Photo of Yolana Pringle
20152020

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Personal profile

Biography

I am a historian of medicine and global health. I have research interests in the history of psychiatry in Africa, the World Health Organization (WHO), and humanitarian organisations. I hold a DPhil in Modern History from the University of Oxford, in which I specialised in the history of psychiatry and mental healthcare in Uganda. Before joining Roehampton in September 2017, I was a Teaching Fellow in African History at the University of Warwick and a Mellon-Newton Interdisciplinary Postdoctoral Research Fellow at the University of Cambridge. I have worked as a research consultant on projects within the fields of international development (health) and African history and politics, including a high-profile High Court reparations case brought against the British Government by veterans of Kenya's Mau Mau rebellion.

Qualifications

BA (Hons) History, 1st class, University of Durham, 2006

MA History, Distinction, Cardiff University, 2007

DPhil Modern History, University of Oxford, 2013

I am a Fellow of the Higher Education Authority (HEA).

Research interests

Psychiatry and Decolonisation

My first book, Psychiatry and Decolonisation in Uganda (2019), investigates psychiatry in Uganda during the years of decolonisation. Based on my doctoral research, which was funded by the Wellcome Trust, it examines the challenges facing a new generation of psychiatrists as they took over responsibility for psychiatry at the end of empire, and explores the ways psychiatric practices were tied to shifting political and development priorities, periods of instability, and a broader context of transnational and international exchange. At its heart is a question that has concerned psychiatrists globally since the mid-twentieth century: how to bridge the social and cultural gap between psychiatry and its patients? Bringing together archival research with oral histories, I trace how this question came to dominate both national and international discussions on mental health care reform, including at the World Health Organization, and helped spur a culture of experimentation and creativity globally. As my research shows, however, the history of psychiatry during the years of decolonisation remained one of marginality, and ultimately, in the context of war and violence, the decolonisation of psychiatry was incomplete.

Violence and Health

My current research, funding by a H.F. Guggenheim research grant, seeks to understand how and why the mental health effects of political violence has become an international priority, and considers the implications. Examining the origins, development, and impact of mental health and psychosocial support (MHPSS) in select African contexts between the 1970s and the 1990s, it asks how approaching political violence as an issue of mental health changed understandings of, and responses to violent behaviour. It interrogates the extent to which MHPSS represented a medicalisation of inherently social and political problems, and how the practical realities of research and practice shaped ideas about who was ‘vulnerable’, ‘dangerous’, or ‘traumatised’, and in need of intervention. The project is part of a longer term research agenda that seeks to understand how and why violence became a global public health issue in the late twentieth century.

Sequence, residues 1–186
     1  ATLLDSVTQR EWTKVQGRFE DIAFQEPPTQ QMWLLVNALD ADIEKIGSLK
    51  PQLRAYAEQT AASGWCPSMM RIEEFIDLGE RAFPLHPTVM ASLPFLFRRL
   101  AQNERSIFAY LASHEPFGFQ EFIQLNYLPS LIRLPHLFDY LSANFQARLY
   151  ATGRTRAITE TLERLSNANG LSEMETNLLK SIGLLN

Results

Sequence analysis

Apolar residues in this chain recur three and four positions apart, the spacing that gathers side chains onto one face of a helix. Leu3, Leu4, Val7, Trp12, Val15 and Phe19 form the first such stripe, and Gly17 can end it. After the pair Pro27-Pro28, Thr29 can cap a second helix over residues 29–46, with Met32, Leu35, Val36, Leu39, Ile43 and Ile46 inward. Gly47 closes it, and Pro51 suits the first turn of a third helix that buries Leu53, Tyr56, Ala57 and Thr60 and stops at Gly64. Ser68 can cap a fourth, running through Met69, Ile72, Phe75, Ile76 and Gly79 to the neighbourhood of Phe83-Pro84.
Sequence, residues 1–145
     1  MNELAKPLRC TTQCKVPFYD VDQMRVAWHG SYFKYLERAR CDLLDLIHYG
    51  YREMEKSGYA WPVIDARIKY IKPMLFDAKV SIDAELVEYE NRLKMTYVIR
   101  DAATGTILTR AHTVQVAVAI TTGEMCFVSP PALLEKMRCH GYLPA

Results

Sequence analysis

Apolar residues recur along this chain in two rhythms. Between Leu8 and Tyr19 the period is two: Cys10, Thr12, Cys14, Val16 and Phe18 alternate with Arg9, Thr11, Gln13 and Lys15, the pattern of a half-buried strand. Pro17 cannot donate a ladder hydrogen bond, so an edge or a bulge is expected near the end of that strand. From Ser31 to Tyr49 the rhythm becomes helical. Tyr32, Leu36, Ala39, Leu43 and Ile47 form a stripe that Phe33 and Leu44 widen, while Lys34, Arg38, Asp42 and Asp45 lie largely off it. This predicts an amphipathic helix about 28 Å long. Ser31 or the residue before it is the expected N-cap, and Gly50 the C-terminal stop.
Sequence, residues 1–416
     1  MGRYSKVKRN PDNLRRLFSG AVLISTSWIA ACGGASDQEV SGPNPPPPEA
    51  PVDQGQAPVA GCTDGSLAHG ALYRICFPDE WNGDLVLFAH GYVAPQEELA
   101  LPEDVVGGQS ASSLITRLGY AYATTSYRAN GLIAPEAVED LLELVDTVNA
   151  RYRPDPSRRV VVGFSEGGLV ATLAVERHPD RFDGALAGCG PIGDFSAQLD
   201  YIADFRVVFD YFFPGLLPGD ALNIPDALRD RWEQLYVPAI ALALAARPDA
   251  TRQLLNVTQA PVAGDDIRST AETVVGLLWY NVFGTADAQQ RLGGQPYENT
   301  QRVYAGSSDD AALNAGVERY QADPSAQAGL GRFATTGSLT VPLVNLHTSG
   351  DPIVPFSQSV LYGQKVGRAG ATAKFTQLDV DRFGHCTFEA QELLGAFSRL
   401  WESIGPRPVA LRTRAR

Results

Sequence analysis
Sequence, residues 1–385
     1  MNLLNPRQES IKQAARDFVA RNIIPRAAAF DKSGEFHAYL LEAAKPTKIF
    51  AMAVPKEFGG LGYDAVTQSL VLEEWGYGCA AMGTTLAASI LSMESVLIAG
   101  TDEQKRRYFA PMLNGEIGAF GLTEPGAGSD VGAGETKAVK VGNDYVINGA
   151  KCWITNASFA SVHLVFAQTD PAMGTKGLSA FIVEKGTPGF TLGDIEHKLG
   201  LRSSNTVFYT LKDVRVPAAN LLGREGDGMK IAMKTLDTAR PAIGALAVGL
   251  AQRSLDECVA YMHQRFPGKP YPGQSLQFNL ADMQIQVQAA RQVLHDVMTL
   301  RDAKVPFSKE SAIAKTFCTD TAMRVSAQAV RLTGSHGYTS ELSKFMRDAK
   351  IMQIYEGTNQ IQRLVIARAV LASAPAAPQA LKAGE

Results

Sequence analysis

Race and Humanitarian Intervention

A side interest of my research in recent years has been the ways that race shaped humanitarian action (or the lack of it) in the past. During my postdoctoral research at the University of Cambridge, I explored the attitudes of the International Committee of the Red Cross (ICRC) towards Africa between the 1950s and 1980s. I was, and remain interested in how changing ideas about violence and race shaped decisions to intervene in colonial counter-insurgency operations, and debates about the suitability of Africa as a location for humanitarian action.

Teaching

In the 2020-21 academic year, I am teaching on the following modules:

  • Community and Identity in Global Perspective (1st-year undergraduate)
  • Rebellion and Resistance in Modern African History (3rd-year undergraduate)
  • Advanced Research Methods (MA level)

 In future years, I may also offer:

  • Race and Empire (2nd-year undergraduate optional module)

I welcome enquiries from anyone considering an MA or PhD in areas related to my research interests, which are, broadly:

  • the history of psychiatry and mental health
  • the history of global health, including humanitarianism and health and the World Health Organization
  • African history (especially East Africa)

I currently supervise:

  • 'Exploring the History of Black Women's Mental Health Organizing in Britain, 1970s-present day' (TECHNE-funded Collaborative Doctoral Award, in collaboration with the Black Cultural Archives, Brixton) [October 2020-]

External positions

Co-Convenor, History UK

1 Sep 2020 → …

Steering Committee member, History UK

Oct 2019 → …

Network

Recent external collaboration on country level. Dive into details by clicking on the dots.
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